Protective Antibodies Identified for Rare, Polio-Like Disease in Children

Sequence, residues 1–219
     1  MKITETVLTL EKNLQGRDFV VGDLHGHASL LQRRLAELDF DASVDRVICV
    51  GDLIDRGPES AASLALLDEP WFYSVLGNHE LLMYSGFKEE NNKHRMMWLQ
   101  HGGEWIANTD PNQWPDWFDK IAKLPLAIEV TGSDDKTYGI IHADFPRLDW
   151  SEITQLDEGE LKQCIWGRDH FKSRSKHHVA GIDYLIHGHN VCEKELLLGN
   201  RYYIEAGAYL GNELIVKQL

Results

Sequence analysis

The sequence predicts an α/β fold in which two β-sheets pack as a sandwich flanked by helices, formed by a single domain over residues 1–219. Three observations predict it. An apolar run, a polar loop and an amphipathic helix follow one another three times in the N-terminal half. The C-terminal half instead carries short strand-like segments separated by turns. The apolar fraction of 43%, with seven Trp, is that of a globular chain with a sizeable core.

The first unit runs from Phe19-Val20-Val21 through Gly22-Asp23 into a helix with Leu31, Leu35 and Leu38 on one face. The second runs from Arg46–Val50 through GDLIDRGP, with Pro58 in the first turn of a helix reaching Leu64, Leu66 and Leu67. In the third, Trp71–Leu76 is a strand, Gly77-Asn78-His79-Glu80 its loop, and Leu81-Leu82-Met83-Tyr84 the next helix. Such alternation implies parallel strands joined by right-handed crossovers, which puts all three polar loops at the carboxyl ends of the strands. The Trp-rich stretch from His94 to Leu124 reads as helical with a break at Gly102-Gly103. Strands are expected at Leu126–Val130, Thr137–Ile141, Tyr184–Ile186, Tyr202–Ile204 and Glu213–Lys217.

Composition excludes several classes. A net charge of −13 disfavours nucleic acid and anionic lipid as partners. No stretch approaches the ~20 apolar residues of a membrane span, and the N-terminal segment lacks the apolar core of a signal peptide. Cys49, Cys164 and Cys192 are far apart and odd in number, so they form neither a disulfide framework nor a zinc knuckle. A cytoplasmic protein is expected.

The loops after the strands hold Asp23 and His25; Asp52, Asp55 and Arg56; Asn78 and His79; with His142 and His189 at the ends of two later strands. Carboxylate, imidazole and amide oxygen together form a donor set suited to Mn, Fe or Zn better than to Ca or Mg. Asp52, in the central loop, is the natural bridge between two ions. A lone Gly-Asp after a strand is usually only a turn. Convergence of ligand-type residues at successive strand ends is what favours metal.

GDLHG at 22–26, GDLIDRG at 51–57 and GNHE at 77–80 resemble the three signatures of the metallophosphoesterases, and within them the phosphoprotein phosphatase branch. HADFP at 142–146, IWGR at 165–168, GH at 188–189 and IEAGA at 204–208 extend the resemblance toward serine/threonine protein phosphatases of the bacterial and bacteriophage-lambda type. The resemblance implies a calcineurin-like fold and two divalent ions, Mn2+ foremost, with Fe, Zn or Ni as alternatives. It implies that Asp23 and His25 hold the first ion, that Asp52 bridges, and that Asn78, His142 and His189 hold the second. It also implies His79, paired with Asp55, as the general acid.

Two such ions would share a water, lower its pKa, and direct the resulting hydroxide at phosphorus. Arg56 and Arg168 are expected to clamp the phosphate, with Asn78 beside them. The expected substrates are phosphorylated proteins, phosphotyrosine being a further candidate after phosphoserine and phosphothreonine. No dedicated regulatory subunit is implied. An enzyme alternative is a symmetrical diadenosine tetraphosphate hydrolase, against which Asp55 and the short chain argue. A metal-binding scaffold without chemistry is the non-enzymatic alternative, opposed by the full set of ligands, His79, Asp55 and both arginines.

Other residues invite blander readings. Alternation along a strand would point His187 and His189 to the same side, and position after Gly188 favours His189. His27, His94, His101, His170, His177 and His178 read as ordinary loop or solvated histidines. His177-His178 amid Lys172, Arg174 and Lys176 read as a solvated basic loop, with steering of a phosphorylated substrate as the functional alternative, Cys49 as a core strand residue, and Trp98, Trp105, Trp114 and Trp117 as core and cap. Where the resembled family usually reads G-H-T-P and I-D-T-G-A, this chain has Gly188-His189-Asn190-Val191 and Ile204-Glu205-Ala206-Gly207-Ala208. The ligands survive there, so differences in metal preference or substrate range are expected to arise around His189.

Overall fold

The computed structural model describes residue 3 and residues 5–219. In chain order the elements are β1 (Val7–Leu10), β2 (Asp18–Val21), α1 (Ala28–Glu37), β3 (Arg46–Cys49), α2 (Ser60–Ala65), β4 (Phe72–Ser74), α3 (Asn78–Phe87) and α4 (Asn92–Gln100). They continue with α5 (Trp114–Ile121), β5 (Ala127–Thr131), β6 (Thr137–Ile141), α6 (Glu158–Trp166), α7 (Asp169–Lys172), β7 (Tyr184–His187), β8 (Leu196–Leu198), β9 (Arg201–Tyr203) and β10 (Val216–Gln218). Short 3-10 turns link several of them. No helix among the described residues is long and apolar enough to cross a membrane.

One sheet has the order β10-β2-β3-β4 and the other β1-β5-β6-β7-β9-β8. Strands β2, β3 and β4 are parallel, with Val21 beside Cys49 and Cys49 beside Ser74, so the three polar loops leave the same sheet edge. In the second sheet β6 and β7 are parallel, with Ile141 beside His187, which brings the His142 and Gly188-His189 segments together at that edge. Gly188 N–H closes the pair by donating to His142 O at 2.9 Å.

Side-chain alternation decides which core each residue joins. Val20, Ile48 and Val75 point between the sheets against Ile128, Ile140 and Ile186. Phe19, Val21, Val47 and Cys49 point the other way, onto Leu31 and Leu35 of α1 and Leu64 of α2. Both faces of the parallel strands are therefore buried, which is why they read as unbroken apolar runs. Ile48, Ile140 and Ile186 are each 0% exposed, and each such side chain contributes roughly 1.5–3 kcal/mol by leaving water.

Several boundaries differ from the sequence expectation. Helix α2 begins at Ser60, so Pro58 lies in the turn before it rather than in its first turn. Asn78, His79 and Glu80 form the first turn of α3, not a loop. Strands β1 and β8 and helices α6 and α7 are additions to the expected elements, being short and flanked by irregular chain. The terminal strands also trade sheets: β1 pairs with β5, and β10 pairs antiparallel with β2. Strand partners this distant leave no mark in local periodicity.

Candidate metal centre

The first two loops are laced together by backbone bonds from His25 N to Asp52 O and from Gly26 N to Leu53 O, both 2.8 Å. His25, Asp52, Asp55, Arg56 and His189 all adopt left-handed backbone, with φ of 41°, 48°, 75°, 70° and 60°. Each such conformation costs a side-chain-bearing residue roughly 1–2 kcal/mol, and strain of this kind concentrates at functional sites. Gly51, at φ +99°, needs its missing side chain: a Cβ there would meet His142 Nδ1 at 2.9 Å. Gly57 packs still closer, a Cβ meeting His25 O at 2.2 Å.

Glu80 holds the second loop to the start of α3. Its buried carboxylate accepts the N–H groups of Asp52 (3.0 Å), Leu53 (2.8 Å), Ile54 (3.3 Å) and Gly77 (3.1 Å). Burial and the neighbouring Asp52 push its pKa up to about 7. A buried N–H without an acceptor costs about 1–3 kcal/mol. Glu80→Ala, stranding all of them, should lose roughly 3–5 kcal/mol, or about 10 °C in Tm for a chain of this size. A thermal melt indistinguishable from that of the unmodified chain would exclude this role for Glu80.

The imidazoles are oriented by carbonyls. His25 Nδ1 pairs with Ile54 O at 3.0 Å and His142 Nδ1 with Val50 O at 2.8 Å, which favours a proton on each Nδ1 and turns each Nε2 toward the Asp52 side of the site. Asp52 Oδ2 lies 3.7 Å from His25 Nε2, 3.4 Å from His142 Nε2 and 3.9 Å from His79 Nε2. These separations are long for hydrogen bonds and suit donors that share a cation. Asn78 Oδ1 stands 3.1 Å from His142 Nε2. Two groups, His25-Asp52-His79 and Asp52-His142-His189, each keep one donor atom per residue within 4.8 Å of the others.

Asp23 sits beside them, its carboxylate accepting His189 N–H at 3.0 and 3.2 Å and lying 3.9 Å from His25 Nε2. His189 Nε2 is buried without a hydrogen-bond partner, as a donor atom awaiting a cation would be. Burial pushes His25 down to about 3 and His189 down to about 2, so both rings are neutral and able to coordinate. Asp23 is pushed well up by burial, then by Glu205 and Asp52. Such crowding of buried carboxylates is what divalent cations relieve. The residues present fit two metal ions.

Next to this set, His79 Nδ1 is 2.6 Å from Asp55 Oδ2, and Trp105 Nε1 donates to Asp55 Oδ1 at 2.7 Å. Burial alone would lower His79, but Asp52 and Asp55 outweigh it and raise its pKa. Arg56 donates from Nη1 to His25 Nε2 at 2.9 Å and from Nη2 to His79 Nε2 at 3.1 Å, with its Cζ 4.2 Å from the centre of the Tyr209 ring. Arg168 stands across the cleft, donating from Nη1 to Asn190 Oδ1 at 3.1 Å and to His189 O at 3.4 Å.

Researchers at Vanderbilt University Medical Center, Purdue University and the University of Wisconsin-Madison have isolated human monoclonal antibodies that potentially can prevent a rare, but devastating, polio-like illness in children linked to a respiratory viral infection. The results have been published as the cover story of the July 3, 2020 issue of Science Immunology, and the article is titled “Human Antibodies Neutralize Enterovirus D68 and Protect Against Infection and Paralytic Disease.” The illness, called acute flaccid myelitis (AFM), causes sudden weakness in the arms and legs following a fever or respiratory illness. More than 600 cases have been identified since the U.S. Centers for Disease Control and Prevention (CDC) began tracking the disease in 2014. There is no specific treatment for AFM, which tends to strike in the late summer or early fall, and which has been associated with some deaths. However, the disease has recently been linked to a group of respiratory viruses called enterovirus D68 (EV-D68). Researchers at the Vanderbilt Vaccine Center isolated antibody-producing blood cells from the blood of children who had previously been infected by EV-D68. By fusing the blood cells to fast-growing myeloma cells, the researchers were able to generate a panel of monoclonal antibodies that potently neutralized the virus in laboratory studies. Colleagues at Purdue determined the structure of the antibodies, which shed light on how they specifically recognize and bind to EV-D68. One of the antibodies protected mice from respiratory and neurologic disease when given either before or after infection by the enterovirus.
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